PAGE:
How the CIA Secretly Used Jackson Pollock & Other Abstract Expressionists to Fight the Cold War

What’s the dif­fer­ence between the Unit­ed States of Amer­i­ca and a cup of yogurt? If you leave the cup of yogurt alone for 200 years, it devel­ops a cul­ture. So goes one of many jokes long in cir­cu­la­tion about the sup­posed Amer­i­can ten­den­cy toward low-mind­ed, expe­di­ent philis­tin­ism. I grant, as an Amer­i­can myself, that such humor sur­rounds at least a grain of truth. But there was a time when the fed­er­al gov­ern­ment of the U.S., an orga­ni­za­tion not often accused of exces­sive high-mind­ed­ness, took an active role in pro­mot­ing the coun­try’s home-grown avant-garde — an appro­pri­ate term, notes Lucie Levine at JSTOR Dai­ly, since it “began as a French mil­i­tary term to describe van­guard troops advanc­ing into bat­tle,” and Amer­i­can mod­ern art had become a con­tin­u­a­tion of pol­i­tics by oth­er means.

“Up until World War II, Amer­i­ca had nev­er pro­duced large, influ­en­tial art move­ments like in Europe,” says the nar­ra­tor of the Con­spir­a­cy of Art video above. After the war, “some­thing unex­pect­ed hap­pened: a brood of rad­i­cal Amer­i­can painters helped make New York City the cen­ter of the art world.”

Mark Rothko, Willem de Koon­ing, and Jack­son Pol­lock: they and oth­er artists “cap­tured the world’s atten­tion with large-scale works of pure col­or and form.” This move­ment came to be known as abstract expres­sion­ism, and in the eyes of the new­ly estab­lished Cen­tral Intel­li­gence Agency, it came to show promise as pro­pa­gan­da. If shown abroad, it could func­tion as pro­pa­gan­da, high­light­ing “the dif­fer­ences between Amer­i­can and Sovi­et pol­i­tics”  — and more specif­i­cal­ly, “the appeal of Amer­i­can cul­ture over Sovi­et Cul­ture.”

“Was Jack­son Pol­lock a weapon in the Cold War?” asks the New York­er’s Louis Menand. While Pol­lock was indeed pro­mot­ed abroad with CIA mon­ey (usu­al­ly pro­vid­ed through lay­ers of orga­ni­za­tion­al mis­di­rec­tion), you don’t look at a paint­ing like Laven­der Mist and “think about ‘artis­tic free enter­prise’ or the CIA, or the cul­tur­al pol­i­tics of Par­ti­san Review. You think about how a painter could have tak­en all he had expe­ri­enced across a cre­ative thresh­old that no one had crossed before, and pro­duced this par­tic­u­lar thing.” But its “impor­tance for a cer­tain strand of Cold War cul­tur­al pol­i­tics is part of the sto­ry of how it got to us, a gen­er­a­tion or more lat­er, and that his­to­ry is worth know­ing.” It’s also worth ask­ing, should the Unit­ed States once again find itself face-to-face with a for­mi­da­ble polit­i­cal and cul­tur­al adver­sary, whether it will be pre­pared to draft a few Pol­locks back into ser­vice.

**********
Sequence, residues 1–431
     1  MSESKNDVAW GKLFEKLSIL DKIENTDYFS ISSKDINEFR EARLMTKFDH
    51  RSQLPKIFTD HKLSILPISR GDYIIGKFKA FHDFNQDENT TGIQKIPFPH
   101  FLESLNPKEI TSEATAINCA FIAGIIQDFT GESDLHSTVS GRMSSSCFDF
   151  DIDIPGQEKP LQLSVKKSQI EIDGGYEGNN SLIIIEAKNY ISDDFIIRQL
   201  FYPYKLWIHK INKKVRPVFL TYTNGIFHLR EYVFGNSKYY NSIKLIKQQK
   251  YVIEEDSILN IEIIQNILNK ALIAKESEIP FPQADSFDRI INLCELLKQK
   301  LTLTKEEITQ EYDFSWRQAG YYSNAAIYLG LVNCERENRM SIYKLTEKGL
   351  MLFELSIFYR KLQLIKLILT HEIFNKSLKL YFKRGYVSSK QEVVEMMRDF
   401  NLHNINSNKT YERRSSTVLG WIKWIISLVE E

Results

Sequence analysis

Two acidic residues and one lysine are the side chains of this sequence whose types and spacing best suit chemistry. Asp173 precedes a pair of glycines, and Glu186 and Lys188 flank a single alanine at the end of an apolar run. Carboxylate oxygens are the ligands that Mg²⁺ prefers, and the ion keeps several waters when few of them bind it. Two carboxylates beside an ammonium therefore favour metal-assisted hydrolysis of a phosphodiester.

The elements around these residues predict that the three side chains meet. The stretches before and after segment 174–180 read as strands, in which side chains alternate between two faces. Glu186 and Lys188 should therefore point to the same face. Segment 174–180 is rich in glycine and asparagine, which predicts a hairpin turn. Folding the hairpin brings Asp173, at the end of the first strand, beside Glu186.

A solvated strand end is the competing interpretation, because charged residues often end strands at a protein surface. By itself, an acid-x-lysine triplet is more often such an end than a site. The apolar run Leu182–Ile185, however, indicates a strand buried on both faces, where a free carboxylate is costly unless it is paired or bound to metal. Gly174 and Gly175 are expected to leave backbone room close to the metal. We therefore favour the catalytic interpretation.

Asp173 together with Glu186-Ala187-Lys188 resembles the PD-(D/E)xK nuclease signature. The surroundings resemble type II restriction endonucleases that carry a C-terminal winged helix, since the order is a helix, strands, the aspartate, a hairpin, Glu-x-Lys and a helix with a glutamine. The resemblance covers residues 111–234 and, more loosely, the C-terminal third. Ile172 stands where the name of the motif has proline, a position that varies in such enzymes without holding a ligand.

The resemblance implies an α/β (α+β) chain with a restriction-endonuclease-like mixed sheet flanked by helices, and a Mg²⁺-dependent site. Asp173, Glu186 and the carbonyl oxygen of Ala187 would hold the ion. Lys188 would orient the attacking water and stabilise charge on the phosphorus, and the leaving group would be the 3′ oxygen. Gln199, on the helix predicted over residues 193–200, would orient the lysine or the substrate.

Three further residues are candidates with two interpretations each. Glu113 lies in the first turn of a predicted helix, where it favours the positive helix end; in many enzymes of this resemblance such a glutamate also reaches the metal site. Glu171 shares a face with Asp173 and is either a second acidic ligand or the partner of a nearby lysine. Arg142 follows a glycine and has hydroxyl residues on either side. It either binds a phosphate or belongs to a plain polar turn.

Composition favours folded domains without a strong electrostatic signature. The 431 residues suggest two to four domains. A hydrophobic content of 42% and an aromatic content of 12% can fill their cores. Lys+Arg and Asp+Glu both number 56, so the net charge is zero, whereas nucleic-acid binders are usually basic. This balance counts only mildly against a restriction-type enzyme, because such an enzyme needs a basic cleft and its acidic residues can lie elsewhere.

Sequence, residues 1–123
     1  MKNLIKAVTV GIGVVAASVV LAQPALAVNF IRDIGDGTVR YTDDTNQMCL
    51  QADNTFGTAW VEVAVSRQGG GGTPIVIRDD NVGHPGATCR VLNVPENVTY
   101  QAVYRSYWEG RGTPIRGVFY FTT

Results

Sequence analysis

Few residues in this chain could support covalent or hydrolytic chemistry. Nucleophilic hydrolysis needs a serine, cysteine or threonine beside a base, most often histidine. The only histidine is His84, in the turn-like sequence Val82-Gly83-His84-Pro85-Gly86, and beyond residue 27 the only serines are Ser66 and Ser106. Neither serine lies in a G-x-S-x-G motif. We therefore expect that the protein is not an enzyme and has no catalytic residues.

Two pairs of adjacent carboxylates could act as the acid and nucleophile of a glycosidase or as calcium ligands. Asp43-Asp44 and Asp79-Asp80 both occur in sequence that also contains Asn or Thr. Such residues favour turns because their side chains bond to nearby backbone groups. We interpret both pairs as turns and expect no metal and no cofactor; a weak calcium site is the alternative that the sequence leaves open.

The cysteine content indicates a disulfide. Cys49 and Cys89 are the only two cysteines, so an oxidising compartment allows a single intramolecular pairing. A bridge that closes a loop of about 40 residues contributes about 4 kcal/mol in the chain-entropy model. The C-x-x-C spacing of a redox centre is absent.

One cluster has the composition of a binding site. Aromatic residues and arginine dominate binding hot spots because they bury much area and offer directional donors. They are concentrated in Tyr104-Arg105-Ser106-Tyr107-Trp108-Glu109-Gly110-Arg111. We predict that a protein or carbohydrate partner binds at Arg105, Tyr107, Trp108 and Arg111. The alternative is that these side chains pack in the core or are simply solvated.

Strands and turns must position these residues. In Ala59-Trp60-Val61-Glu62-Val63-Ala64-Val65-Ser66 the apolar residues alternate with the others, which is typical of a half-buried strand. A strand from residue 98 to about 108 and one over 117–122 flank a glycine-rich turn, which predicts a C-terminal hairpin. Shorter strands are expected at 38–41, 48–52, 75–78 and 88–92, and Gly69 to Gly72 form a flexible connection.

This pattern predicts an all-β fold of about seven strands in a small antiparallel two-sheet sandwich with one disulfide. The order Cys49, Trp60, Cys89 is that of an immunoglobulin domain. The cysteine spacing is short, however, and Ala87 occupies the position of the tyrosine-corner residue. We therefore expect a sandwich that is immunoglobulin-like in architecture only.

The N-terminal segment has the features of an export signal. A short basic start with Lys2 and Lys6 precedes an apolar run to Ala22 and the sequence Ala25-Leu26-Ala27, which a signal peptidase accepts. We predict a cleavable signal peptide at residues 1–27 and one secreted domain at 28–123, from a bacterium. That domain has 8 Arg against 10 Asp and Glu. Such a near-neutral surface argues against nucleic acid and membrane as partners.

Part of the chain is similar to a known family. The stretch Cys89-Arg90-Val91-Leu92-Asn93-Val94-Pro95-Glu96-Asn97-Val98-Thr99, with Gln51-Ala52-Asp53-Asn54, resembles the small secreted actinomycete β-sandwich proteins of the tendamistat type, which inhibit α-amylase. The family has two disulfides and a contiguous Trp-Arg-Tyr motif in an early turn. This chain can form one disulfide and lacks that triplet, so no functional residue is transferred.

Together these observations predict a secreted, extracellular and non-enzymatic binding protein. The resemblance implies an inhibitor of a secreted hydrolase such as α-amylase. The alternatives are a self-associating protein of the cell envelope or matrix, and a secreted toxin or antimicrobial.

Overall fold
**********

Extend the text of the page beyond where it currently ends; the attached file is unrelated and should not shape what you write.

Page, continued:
Relat­ed con­tent:

Watch “Jack­son Pol­lock 51,” a His­toric Short Film That Cap­tures Pol­lock Cre­at­ing Abstract Expres­sion­ist Art on a Sheet of Glass

How the CIA Secret­ly Fund­ed Abstract Expres­sion­ism Dur­ing the Cold War

Watch Por­trait of an Artist: Jack­son Pol­lock, the 1987 Doc­u­men­tary Nar­rat­ed by Melvyn Bragg

How the CIA Fund­ed & Sup­port­ed Lit­er­ary Mag­a­zines World­wide While Wag­ing Cul­tur­al War Against Com­mu­nism

Was Jack­son Pol­lock Over­rat­ed? Behind Every Artist There’s an Art Crit­ic, and Behind Pol­lock There Was Clement Green­berg

How the CIA Helped Shape the Cre­ative Writ­ing Scene in Amer­i­ca

Based in Seoul, Col­in Marshall writes and broad­casts on cities, lan­guage, and cul­ture. His projects include the Sub­stack newslet­ter Books on Cities, the book The State­less City: a Walk through 21st-Cen­tu­ry Los Ange­les and the video series The City in Cin­e­ma. Fol­low him on Twit­ter at @colinmarshall or on Face­book.

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  • clay wainscott says:

    Odd, but it turns out the cold war with the reds was just the cov­er sto­ry, spy vs spy vs spy, and the real tar­get of abstract expres­sion­ism was Diego Rivera and his pow­er to evoke class con­scious­ness through fig­u­ra­tive art. The pow­er elite didn’t real­ly fear the social­ist econ­o­my, but they did fear the awak­en­ing of work­ers with­in their own soci­ety, so they nur­tured a cul­tur­al tal­iban, the abstract expres­sion­ists, to tram­ple the tra­di­tions of visu­al com­mu­ni­ca­tion. Their job was to hound fig­u­ra­tive art from pub­lic forums, from uni­ver­si­ties, until it was even denied seri­ous con­sid­er­a­tion as art. After almost a cen­tu­ry of exile, Diego returns, and art heals itself, just in time.

  • Jonathan Bradley says:

    Where do I sign up for the Pol­lock draft? Lol

  • John Steppling says:

    Tried to. Tried.

    Google John step­pling revis­it­ing the new York school for more com­pre­hen­sive look

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